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New CircleBlack CEO Alex Sauickie
Alex Sauickie

Q&A: New CircleBlack CEO Alex Sauickie Lays Out Vision for Mobile Development

Fintech veteran Alex Sauickie, a former colleague of the late John Michel when the two were at Merrill Lynch, will be leading CircleBlack.

Digital wealth management platform CircleBlack announced that fintech veteran Alex Sauickie has been named president and CEO of the firm, effective Sept. 1. Previously, Sauickie was president and COO at Scivantage, where he was responsible for enterprisewide operations and oversaw the sale of the firm to Refinitiv. Sauickie also worked with John Michel at Merrill Lynch, where he helped Michel develop what is now called Merrill Edge. Michel’s sudden death in July led to the search that saw Sauickie named as CEO.

CircleBlack provides advisors with a platform that has built-in portfolio management, performance reporting, trading and rebalancing, simple billing and integrations with popular CRM and financial planning vendors. It also provides a client app with versions for both iOS and Android.   

Fresh off the announcement of his appointment, spoke with Sauickie to learn about his plans for CircleBlack, which has $80 billion on its platform and services 86 RIAs, and reflect on the impact Michel had on the wealth management industry. Your appointment was effective Sept. 1, but the news is being announced a couple of weeks later. Was there housekeeping that you had to attend to before making the announcement public? What accounts for the two weeks between the appointment and the announcement?

Alex Sauickie: Given some of the things that have gone on with the company, I wanted to get in and get introduced to the people within the company first. It’s a little bit of a sensitive situation.

Really getting to know all the people internally and getting to have one-on-ones with everybody to understand what's working and what needs improvement is really where I wanted to spend the first couple of weeks. The team is great. They’re very committed to the company and continuing to move the company forward.

The last couple of weeks have also been spent getting introduced to our clients and really having an opportunity to talk to them.

WM: What do you mean by “Given some of the things that have gone on with the company?” Are you describing John Michel’s passing?

AS: John was always a gentleman and somebody very committed to the company. He had a very close relationship with everybody internally. You really want to be sensitive to that coming in.

As pure coincidence, I knew John and I worked with him early in my career at Merrill Lynch. He and I worked on a really important project that grew into what is now known as Merrill Edge.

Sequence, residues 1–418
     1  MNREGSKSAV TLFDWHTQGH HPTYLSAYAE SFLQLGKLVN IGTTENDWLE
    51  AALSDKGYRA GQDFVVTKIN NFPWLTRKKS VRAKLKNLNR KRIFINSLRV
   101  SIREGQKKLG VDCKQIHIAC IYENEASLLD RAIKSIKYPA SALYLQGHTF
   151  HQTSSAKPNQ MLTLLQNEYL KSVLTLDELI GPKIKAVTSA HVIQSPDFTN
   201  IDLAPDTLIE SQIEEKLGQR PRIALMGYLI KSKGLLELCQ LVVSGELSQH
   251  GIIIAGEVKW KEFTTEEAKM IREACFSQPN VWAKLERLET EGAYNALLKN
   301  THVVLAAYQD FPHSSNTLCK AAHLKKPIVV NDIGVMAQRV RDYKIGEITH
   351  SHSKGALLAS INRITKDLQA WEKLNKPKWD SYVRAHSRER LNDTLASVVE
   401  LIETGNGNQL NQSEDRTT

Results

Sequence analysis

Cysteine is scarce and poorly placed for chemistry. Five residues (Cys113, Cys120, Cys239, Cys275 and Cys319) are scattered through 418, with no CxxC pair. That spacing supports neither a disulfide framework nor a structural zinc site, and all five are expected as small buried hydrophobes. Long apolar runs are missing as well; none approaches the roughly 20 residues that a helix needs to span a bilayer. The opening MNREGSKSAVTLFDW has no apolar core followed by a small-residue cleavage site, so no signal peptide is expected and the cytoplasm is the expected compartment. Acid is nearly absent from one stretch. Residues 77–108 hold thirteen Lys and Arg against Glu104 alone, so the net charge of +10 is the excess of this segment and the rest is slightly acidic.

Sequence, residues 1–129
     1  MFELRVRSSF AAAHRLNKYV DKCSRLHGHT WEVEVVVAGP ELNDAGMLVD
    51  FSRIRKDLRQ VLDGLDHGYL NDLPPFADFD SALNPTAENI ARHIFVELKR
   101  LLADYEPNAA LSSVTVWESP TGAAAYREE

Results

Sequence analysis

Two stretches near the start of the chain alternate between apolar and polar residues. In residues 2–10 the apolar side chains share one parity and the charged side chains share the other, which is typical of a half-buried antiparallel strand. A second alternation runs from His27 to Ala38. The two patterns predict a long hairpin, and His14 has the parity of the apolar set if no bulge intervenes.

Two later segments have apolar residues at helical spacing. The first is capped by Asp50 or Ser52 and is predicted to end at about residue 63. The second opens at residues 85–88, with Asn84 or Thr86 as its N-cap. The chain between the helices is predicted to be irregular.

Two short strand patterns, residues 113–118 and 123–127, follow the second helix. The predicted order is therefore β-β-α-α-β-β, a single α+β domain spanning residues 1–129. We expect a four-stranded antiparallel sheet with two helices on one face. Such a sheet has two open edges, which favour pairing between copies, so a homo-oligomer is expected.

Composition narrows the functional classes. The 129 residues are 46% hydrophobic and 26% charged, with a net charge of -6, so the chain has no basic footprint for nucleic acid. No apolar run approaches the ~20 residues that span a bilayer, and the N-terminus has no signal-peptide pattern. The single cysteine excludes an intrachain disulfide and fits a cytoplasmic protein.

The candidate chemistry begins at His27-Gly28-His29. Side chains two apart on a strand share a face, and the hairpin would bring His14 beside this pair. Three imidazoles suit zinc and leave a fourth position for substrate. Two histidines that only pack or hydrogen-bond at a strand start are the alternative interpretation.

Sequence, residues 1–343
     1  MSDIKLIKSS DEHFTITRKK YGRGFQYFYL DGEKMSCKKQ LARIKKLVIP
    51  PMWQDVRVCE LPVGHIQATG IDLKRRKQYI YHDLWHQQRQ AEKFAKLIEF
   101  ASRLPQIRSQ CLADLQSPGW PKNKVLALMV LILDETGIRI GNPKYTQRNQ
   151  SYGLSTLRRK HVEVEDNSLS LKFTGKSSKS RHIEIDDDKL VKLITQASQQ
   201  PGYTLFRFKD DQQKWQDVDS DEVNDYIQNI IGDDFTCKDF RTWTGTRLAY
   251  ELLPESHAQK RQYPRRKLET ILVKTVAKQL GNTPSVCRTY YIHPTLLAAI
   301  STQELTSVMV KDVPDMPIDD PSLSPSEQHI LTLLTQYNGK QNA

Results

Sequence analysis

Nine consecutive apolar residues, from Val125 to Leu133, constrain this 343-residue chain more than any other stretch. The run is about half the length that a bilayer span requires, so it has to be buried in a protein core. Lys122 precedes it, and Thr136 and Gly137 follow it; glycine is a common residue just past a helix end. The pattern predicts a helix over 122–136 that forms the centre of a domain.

It was John's idea. I was hired to execute on it. We built something great back in the late 90s that I thought was pretty visionary. It's grown into a pretty big part of Merrill Lynch's business today.

WM: Did he sit down and interview you for that role?

AS: No. He was on the product and marketing side of Merrill Lynch. I was on the operations and finance side.

He came up with the idea of building a home office type of environment to manage accounts, where Merrill brought in what they considered their smaller households to support them more efficiently.

I was actually hired to execute on that vision, which was to hire a bunch of advisors to staff (at the time) 24/7 support for the first time. This was back in the time where the direct businesses of the world were just getting started.

It was really John’s idea and he and I worked together to execute on that. It grew into a heck of a business for Merrill Lynch.

WM: What are the subtleties and dynamics of taking over for a company that's had a CEO pass suddenly and unexpectedly?

AS: It’s important is to make sure the team internally knows that somebody is coming in who does know the space. Somebody that understands the division that was laid out prior by John and what he had done before.

And also reassure our clients that, while unfortunate, the company is still in good hands and will continue to deliver what John started. That again is kind of what I've been doing over the last two weeks.

The response has been overwhelmingly positive, both internally, and probably even more externally with our clients.  

WM: How do you move forward from where you are now?

AS: Other than being sensitive and addressing the fact that I'm coming in at a time after John's passing, the rest of it is similar to what I've done before. Most of my career has been spent in early-stage companies that are poised for tremendous growth, as I believe CircleBlack is.

It's about understanding where the company is now and what the growth challenges are. Some of that is from experience. I’ve done it a couple of times now. It’s really preparing the company for growth as we move forward with our clients.